In a recent article concerning the health care debate, Newsweek contributor Evan Thomas wrote, “At a more basic level, Americans are afraid not just of dying, but of talking and thinking about death. Until Americans learn to contemplate death as more than a scientific challenge to be overcome, our health care system will remain unfixable.”

More than just contributing to the discussion of national insurance, Thomas has addressed some fundamental truths about death in our culture. Not only are people afraid of it, they do not even like to talk or think about it. The separation. The loss. The uncertainty. In fact, society would rather view it on an empirical level, as if one day the sciences will conquer it altogether.

When I read this, I was reminded of the apostle Paul’s comments in Philippians 1:23: “For I am in a strait betwixt two, having a desire to depart, and to be with Christ; which is far better.” How could he experience such a dilemma and consider death a viable, even enticing, prospect? To this day it remains something that we want to delay or avoid.

The key to Paul’s anticipation lies in the comfort and assurance that he experienced in relationship with Christ. Remember that death tops the great list of things that are unable to separate a believer from God’s love in Romans 8:35-38. Not even laying down this mortal body and being separated from loved ones in this world would affect his eternal destination and connection with the Lord.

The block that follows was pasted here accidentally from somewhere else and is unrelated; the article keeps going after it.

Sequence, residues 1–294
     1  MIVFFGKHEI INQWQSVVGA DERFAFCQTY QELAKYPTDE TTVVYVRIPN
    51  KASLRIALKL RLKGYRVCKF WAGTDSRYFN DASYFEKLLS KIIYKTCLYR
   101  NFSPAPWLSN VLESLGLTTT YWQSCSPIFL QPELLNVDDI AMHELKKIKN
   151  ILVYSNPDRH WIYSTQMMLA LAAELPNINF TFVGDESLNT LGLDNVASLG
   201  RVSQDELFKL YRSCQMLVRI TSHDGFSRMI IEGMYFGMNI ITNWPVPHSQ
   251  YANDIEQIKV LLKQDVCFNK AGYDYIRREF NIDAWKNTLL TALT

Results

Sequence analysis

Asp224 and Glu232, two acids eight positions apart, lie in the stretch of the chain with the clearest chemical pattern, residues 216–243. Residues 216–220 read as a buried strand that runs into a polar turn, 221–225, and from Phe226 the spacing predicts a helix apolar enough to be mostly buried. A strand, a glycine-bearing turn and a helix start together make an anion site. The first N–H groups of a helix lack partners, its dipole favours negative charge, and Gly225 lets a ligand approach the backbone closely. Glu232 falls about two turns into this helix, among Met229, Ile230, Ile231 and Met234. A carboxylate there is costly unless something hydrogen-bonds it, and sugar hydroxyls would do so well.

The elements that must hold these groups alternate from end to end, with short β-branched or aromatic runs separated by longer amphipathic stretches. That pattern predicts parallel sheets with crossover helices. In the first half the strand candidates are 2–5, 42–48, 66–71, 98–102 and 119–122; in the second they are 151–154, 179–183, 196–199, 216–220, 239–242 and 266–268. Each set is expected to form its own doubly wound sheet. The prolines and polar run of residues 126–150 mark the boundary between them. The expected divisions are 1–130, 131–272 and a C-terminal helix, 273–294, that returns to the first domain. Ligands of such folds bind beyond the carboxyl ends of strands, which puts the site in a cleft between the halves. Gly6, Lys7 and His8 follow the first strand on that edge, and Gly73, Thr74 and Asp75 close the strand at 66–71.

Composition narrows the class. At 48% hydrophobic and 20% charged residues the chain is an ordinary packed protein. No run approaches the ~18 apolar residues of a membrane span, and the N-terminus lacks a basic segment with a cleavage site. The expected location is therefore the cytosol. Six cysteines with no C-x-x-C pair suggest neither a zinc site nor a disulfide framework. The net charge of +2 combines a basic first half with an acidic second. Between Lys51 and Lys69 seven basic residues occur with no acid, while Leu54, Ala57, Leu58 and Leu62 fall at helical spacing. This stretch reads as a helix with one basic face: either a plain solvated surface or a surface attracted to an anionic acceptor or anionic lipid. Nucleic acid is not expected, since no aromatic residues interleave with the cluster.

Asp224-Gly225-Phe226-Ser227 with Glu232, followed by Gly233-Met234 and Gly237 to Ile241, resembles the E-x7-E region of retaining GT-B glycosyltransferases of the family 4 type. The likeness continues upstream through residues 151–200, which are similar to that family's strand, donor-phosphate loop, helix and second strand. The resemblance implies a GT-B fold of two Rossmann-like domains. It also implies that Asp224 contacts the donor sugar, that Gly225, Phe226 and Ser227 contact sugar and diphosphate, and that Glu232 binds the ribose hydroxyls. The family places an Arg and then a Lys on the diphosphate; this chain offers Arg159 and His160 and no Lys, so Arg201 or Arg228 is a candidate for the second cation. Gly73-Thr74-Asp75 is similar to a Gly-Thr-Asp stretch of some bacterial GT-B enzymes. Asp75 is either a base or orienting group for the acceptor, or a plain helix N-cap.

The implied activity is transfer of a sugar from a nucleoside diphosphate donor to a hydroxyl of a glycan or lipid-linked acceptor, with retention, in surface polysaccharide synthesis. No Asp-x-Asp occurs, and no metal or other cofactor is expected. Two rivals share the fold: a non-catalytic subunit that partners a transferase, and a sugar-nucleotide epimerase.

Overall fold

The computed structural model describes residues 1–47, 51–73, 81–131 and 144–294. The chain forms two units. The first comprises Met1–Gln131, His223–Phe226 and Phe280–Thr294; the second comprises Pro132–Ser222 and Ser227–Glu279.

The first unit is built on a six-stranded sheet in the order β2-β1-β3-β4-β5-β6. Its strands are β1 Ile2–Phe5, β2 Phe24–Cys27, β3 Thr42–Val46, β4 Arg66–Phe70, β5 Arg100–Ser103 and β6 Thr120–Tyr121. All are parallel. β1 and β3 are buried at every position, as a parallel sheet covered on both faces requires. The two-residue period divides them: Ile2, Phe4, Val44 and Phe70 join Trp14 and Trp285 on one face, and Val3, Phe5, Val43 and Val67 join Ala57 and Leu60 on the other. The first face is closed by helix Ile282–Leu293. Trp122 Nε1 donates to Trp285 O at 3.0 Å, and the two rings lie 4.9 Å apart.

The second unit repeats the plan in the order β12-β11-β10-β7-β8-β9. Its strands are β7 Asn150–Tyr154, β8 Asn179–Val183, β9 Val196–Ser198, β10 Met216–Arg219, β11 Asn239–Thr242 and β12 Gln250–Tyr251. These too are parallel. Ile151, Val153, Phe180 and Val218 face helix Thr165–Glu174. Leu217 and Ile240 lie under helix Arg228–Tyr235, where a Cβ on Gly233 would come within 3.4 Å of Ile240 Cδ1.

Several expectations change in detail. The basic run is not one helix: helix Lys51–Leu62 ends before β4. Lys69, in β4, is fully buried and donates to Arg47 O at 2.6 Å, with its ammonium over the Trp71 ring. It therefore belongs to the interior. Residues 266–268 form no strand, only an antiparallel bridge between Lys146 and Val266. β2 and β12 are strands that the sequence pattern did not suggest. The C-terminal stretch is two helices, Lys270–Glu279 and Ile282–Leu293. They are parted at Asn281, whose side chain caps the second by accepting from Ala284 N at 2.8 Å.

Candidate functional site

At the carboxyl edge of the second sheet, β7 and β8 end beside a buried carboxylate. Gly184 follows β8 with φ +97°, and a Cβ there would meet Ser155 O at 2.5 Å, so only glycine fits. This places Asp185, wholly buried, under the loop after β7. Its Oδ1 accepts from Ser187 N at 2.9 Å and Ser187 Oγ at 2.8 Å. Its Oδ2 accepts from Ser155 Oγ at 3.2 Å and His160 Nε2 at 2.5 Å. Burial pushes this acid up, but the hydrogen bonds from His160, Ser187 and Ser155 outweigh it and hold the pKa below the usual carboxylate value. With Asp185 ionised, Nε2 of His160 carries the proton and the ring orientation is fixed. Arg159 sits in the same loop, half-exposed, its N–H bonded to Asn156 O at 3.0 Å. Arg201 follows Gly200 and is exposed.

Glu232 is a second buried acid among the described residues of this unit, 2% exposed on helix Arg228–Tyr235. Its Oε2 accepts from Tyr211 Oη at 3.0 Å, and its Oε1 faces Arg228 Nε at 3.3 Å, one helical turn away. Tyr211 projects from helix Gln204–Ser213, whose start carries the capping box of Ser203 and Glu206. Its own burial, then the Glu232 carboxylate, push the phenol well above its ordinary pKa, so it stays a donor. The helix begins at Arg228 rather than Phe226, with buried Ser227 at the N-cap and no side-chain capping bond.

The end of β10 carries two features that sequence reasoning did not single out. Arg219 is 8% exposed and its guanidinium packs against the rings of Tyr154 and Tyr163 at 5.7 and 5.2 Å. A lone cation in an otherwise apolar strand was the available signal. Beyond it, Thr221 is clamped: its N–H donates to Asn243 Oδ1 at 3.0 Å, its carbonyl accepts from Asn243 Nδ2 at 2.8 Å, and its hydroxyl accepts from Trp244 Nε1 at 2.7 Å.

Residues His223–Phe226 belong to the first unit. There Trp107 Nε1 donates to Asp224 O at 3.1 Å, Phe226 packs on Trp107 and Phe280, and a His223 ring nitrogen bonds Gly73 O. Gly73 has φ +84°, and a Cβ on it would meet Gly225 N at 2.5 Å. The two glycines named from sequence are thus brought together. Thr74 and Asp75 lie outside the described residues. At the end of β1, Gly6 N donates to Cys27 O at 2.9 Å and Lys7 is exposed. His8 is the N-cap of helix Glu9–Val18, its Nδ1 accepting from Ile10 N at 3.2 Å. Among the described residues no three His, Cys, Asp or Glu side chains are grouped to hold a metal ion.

Death is more than just a “scientific challenge.” It is a spiritual reality that does not have to hold us in its grip of fear and dread. When Christ died and rose again for our sins, He conquered every bit of death’s power over us (1 Corinthians 15:54-55). Paul’s assurance belongs to every Christian.

What a fantastic opportunity we have as believers in Christ. Not only do we possess an assurance not offered by the world, we have the privilege of sharing it with those around us. Friends and family do not like the topic of death, mainly because they have no answer concerning what follows. However, we have the good news of salvation through God’s only Son. May we do our part to share this wonderful message and pray that they find in salvation the freedom from the fear of death.

Let us who know the Savior live lives that echo the words of Scripture: “But thanks be to God, which giveth us the victory through our Lord Jesus Christ” (1 Cor. 15:57).